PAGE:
# Deque — double-ended queue¶

A double-ended queue, or `deque`, supports adding and removing elements from either end. The more commonly used stacks and queues are degenerate forms of deques, where the inputs and outputs are restricted to a single end.

collections_deque.py
```
import collections

d = collections.deque('abcdefg')
print('Deque:', d)
print('Length:', len(d))
print('Left end:', d[0])
print('Right end:', d[-1])

d.remove('c')
print('remove(c):', d)
```

Since deques are a type of sequence container, they support some of the same operations as `list`, such as examining the contents with `__getitem__()`, determining length, and removing elements from the middle by matching identity.

```\$ python3 collections_deque.py

Deque: deque(['a', 'b', 'c', 'd', 'e', 'f', 'g'])
Length: 7
Left end: a
Right end: g
remove(c): deque(['a', 'b', 'd', 'e', 'f', 'g'])
```

## Populating¶

A deque can be populated from either end, termed “left” and “right” in the Python implementation.

collections_deque_populating.py
```
import collections

d1 = collections.deque()
d1.extend('abcdefg')
print('extend    :', d1)
d1.append('h')
print('append    :', d1)

d2 = collections.deque()
d2.extendleft(range(6))
print('extendleft:', d2)
d2.appendleft(6)
print('appendleft:', d2)
```

The `extendleft()` function iterates over its input and performs the equivalent of an `appendleft()` for each item. The end result is the `deque` contains the input sequence in reverse order.

```\$ python3 collections_deque_populating.py

extend    : deque(['a', 'b', 'c', 'd', 'e', 'f', 'g'])
append    : deque(['a', 'b', 'c', 'd', 'e', 'f', 'g', 'h'])
extendleft: deque([5, 4, 3, 2, 1, 0])
appendleft: deque([6, 5, 4, 3, 2, 1, 0])
```

## Consuming¶

Similarly, the elements of the `deque` can be consumed from both or either end, depending on the algorithm being applied.

collections_deque_consuming.py
```
import collections

print('From the right:')
d = collections.deque('abcdefg')
while True:
try:
print(d.pop(), end='')
except IndexError:
break
print

print('\nFrom the left:')
d = collections.deque(range(6))
while True:
try:
print(d.popleft(), end='')
except IndexError:
break
print
```

Use `pop()` to remove an item from the “right” end of the `deque` and `popleft()` to take from the “left” end.

```\$ python3 collections_deque_consuming.py

From the right:
gfedcba
From the left:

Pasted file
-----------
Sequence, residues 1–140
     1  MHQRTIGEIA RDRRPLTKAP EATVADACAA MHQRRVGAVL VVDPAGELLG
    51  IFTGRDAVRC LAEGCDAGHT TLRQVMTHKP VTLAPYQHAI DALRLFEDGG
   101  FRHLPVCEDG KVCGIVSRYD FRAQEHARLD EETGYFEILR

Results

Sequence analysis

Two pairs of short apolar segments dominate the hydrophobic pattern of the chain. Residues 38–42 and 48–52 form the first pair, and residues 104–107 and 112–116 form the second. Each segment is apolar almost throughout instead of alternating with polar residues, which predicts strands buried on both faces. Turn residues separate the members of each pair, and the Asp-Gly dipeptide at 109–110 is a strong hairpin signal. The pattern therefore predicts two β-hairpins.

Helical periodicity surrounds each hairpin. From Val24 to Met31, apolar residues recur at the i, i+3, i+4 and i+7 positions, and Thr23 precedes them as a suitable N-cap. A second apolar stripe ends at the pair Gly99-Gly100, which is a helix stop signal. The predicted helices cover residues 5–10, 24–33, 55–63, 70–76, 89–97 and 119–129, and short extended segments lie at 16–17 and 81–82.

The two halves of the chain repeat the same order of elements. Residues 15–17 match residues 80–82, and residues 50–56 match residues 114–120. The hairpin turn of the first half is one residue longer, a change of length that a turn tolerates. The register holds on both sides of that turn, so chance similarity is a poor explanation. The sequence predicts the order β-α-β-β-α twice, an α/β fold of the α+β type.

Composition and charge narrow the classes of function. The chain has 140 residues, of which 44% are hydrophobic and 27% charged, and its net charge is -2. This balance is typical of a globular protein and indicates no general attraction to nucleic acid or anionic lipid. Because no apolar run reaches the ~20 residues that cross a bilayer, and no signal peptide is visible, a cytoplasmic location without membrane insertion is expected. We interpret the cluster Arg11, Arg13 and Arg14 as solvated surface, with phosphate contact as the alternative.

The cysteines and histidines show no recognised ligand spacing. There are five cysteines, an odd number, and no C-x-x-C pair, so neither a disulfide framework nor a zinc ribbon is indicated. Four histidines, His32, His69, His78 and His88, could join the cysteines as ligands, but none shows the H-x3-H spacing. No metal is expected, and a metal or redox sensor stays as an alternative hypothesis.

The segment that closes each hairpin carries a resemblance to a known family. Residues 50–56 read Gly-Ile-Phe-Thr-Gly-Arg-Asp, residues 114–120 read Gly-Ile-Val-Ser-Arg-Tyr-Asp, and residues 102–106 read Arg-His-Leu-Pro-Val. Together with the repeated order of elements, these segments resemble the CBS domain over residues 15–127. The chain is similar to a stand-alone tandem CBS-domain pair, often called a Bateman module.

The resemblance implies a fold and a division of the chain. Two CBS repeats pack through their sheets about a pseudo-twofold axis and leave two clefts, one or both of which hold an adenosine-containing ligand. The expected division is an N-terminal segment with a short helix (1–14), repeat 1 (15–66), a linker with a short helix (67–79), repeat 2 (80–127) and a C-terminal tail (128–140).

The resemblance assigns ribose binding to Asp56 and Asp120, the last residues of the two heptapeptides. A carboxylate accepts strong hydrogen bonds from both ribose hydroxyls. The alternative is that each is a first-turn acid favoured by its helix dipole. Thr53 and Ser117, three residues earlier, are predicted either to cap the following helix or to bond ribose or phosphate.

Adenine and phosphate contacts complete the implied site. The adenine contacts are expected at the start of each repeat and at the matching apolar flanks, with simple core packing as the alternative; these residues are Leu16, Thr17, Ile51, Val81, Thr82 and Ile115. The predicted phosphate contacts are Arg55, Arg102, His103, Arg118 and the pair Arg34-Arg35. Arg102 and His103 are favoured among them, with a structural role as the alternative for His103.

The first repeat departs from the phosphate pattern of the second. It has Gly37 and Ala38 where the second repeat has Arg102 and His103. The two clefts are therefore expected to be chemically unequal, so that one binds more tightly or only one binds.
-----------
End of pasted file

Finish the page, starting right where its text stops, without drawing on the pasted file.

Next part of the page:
012345
```

Since deques are thread-safe, the contents can even be consumed from both ends at the same time from separate threads.

collections_deque_both_ends.py
```
import collections
import time

candle = collections.deque(range(5))

def burn(direction, nextSource):
while True:
try:
next = nextSource()
except IndexError:
break
else:
print('{:>8}: {}'.format(direction, next))
time.sleep(0.1)
print('{:>8} done'.format(direction))
return

args=('Left', candle.popleft))
args=('Right', candle.pop))

left.start()
right.start()

left.join()
right.join()
```

The threads in this example alternate between each end, removing items until the `deque` is empty.

``` \$ python3 collections_deque_both_ends.py

Left: 0
Right: 4
Right: 3
Left: 1
Right: 2
Left done
Right done
```

## Rotating¶

Another useful capability of the `deque` is to rotate it in either direction, to skip over some items.

collections_deque_rotate.py
```
import collections

d = collections.deque(range(10))
print('Normal        :', d)

d = collections.deque(range(10))
d.rotate(2)
print('Right rotation:', d)

d = collections.deque(range(10))
d.rotate(-2)
print('Left rotation :', d)
```

Rotating the `deque` to the right (using a positive rotation) takes items from the right end and moves them to the left end. Rotating to the left (with a negative value) takes items from the left end and moves them to the right end. It may help to visualize the items in the deque as being engraved along the edge of a dial.

```\$ python3 collections_deque_rotate.py

Normal        : deque([0, 1, 2, 3, 4, 5, 6, 7, 8, 9])
Right rotation: deque([8, 9, 0, 1, 2, 3, 4, 5, 6, 7])
Left rotation : deque([2, 3, 4, 5, 6, 7, 8, 9, 0, 1])
```

## Constraining the Queue Size¶

A `deque` instance can be configured with a maximum length so that it never grows beyond that size. When the queue reaches the specified length, existing items are discarded as new items are added. This behavior is useful for finding the last n items in a stream of undetermined length.

collections_deque_maxlen.py
```
import collections
import random

# Set the random seed so we see the same output each time
# the script is run.
random.seed(1)

d1 = collections.deque(maxlen=3)
d2 = collections.deque(maxlen=3)

for i in range(5):
n = random.randint(0, 100)
print('n =', n)
d1.append(n)
d2.appendleft(n)
print('D1:', d1)
print('D2:', d2)
```

The deque length is maintained regardless of which end the items are added to.

```\$ python3 collections_deque_maxlen.py

n = 17
D1: deque([17], maxlen=3)
D2: deque([17], maxlen=3)
n = 72
D1: deque([17, 72], maxlen=3)
D2: deque([72, 17], maxlen=3)
n = 97
D1: deque([17, 72, 97], maxlen=3)
D2: deque([97, 72, 17], maxlen=3)
n = 8
D1: deque([72, 97, 8], maxlen=3)
D2: deque([8, 97, 72], maxlen=3)
n = 32
D1: deque([97, 8, 32], maxlen=3)
D2: deque([32, 8, 97], maxlen=3)
```